Slava Zaitsev, perennial Soviet fashion designer, dies at the age of 85

Slava Zaitsev, an effervescent and enduring Soviet-era fashion designer once dubbed “Red Dior” by the Western press, whose creativity and over-the-top theatrical personality made him a household fashion trendsetter, died on April 30 in Shyolkovo, Russia. He was 85 years old.

His longtime friend Tatyana Soroko, a Russian-born model and journalist, said his death in hospital was caused by internal bleeding from an ulcer.

Just two days before the death of Valentin Yudashkin, a pupil of his who was also known for his grandiose creations, and who had more success in the West than him, Mr. Zaitsev died of cancer at the age of 59.

Mr. Zaitsev gave color, brilliance, and luxury to a generation brought up in the dull Soviet gray, uniform of the proletariat, by combining Western gloss with nods to traditional Russian folk costumes and nostalgic references to Pasternak and Tolstoy. He was the first designer, in the pre-perestroika days, to be allowed to put his name on his work, which he did for the first time in 1982.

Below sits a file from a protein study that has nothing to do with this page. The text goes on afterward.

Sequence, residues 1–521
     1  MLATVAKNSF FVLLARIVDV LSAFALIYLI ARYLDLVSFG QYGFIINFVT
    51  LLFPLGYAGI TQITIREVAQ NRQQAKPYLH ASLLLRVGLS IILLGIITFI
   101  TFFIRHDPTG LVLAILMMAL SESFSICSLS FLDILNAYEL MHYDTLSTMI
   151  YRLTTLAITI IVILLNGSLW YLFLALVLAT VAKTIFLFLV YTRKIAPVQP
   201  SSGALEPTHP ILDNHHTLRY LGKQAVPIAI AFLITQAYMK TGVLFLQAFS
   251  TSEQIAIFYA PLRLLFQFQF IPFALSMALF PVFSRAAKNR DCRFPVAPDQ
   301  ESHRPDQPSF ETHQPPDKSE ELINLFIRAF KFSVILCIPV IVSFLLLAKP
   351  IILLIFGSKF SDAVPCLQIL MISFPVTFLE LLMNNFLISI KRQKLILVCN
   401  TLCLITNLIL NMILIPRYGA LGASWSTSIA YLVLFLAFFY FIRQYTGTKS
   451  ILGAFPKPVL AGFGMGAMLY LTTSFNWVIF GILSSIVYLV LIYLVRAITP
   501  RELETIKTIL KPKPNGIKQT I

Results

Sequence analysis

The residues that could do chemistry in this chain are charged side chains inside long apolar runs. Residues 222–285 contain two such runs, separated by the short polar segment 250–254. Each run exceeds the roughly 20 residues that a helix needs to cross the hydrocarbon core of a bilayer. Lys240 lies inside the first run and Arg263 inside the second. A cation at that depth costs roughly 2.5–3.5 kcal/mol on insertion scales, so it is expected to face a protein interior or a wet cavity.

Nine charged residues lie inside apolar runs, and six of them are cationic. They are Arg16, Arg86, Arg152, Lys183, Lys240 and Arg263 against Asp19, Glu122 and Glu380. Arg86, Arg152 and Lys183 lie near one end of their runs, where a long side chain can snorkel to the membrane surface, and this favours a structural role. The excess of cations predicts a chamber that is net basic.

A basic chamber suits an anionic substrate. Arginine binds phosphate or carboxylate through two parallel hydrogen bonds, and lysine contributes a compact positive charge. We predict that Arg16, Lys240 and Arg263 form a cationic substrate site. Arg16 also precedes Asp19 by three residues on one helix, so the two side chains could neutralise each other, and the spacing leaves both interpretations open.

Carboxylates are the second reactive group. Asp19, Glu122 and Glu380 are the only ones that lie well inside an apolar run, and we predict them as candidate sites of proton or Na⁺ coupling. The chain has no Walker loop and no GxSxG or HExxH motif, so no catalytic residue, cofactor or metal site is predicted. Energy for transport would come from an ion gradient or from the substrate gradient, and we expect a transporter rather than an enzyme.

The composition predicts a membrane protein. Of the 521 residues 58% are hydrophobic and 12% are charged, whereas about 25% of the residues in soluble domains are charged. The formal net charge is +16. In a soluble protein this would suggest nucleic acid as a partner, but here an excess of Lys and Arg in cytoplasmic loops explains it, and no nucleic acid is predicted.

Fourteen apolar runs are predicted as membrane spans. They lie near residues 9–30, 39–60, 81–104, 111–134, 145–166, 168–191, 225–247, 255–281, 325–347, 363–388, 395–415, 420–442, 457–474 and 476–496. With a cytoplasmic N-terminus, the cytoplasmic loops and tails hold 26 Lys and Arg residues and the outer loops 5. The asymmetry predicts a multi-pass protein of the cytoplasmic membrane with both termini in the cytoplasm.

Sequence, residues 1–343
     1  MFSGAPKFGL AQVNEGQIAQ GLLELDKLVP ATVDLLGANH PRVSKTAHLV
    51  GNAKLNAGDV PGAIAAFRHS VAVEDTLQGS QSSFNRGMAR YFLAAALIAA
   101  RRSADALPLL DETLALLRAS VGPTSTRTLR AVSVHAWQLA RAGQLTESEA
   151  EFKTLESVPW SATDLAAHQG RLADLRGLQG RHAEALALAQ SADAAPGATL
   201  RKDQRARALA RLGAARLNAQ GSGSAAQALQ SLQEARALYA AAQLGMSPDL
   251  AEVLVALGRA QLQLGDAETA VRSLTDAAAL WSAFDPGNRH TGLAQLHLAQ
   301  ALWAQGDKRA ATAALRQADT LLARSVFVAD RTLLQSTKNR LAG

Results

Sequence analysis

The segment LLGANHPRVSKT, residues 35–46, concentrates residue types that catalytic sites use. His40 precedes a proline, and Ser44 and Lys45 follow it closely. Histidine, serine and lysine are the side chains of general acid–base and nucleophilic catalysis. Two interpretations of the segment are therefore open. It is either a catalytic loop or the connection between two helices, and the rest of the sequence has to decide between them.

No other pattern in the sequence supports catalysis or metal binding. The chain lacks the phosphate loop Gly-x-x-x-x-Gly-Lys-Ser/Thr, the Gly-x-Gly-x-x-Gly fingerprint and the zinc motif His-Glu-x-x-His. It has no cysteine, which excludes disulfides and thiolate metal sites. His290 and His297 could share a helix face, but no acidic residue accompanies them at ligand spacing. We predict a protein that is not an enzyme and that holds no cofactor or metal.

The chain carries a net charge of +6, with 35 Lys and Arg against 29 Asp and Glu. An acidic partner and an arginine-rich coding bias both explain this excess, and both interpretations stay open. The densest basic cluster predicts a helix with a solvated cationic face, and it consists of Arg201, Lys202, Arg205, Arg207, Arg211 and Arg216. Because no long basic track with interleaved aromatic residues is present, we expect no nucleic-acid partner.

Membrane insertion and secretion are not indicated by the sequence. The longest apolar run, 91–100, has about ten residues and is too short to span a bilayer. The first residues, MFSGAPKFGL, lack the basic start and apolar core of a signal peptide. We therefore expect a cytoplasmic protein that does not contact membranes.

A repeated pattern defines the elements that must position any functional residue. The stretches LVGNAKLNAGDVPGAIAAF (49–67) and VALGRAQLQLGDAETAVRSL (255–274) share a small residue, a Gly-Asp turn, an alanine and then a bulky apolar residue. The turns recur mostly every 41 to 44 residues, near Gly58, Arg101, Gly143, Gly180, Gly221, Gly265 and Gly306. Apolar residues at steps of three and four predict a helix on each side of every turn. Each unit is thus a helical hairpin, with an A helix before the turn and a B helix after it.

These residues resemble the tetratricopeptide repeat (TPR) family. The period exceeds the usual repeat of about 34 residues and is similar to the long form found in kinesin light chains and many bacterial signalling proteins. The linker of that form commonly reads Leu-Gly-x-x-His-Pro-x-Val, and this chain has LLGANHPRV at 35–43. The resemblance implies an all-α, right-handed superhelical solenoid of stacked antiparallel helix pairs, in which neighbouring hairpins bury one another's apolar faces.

He would go on to design for pop stars, politicians, ballet dancers, and Olympic athletes. He designed uniforms for Aeroflot and the Moscow traffic police, for whom he wore a navy blue uniform with reflective stripes.

He loved pomp and spectacle—for a time in the 1980s, his fashion business was known as Fashion Theater—and he officiated weekly sold-out shows like a circus maestro, dancing the runway in shimmering silks and waving his hands in the air.

“Don’t be afraid to look plump,” he told the audience at one of the performances. The New York Times reported in 1986. “Russia has long been associated with curvy women who embody kindness, hospitality, and good food.”

For most Russians during the Gorbachev years, fashion would still be a spectator sport. In 1986, when the average monthly wage was about 190 rubles, Zaitsev’s blouse cost 300 rubles, or $400 (about $1,100 in today’s dollars). But entry to the Fashion Theater shows, which were open to the public, was only a few rubles.